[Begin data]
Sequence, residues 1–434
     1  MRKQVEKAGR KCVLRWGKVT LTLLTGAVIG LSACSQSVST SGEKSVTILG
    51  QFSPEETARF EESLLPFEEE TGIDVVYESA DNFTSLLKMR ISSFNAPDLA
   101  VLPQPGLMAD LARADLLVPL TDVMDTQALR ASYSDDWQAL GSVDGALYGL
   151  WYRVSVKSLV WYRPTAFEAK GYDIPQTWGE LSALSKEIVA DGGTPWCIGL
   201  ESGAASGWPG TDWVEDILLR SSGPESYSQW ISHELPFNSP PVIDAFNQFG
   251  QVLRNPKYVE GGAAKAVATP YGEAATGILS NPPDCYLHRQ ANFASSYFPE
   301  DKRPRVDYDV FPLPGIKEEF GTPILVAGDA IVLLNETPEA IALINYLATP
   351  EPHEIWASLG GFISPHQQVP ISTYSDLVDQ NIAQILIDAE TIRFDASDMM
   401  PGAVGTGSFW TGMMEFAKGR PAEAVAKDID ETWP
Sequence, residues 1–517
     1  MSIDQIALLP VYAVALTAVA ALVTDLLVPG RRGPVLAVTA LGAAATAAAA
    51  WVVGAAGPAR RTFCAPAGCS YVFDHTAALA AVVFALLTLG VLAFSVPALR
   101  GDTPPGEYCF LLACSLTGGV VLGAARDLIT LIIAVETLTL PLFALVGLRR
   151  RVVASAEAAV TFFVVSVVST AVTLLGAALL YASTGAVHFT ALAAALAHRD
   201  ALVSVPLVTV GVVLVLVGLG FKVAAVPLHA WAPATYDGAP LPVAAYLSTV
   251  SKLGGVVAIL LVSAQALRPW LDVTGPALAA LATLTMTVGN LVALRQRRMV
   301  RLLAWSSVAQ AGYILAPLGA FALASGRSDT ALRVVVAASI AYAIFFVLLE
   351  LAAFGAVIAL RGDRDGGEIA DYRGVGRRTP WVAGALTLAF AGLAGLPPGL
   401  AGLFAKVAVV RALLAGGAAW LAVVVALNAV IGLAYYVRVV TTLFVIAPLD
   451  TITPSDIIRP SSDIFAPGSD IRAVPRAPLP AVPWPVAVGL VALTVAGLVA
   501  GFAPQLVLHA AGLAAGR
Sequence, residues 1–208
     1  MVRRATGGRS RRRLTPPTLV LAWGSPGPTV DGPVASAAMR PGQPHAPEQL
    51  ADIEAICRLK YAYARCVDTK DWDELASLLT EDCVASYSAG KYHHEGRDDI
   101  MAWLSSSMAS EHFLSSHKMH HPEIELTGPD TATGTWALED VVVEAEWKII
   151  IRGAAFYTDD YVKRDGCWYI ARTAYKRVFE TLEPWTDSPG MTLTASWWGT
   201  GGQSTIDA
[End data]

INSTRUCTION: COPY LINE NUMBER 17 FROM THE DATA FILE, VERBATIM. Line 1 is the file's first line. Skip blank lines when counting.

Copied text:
   251  SKLGGVVAIL LVSAQALRPW LDVTGPALAA LATLTMTVGN LVALRQRRMV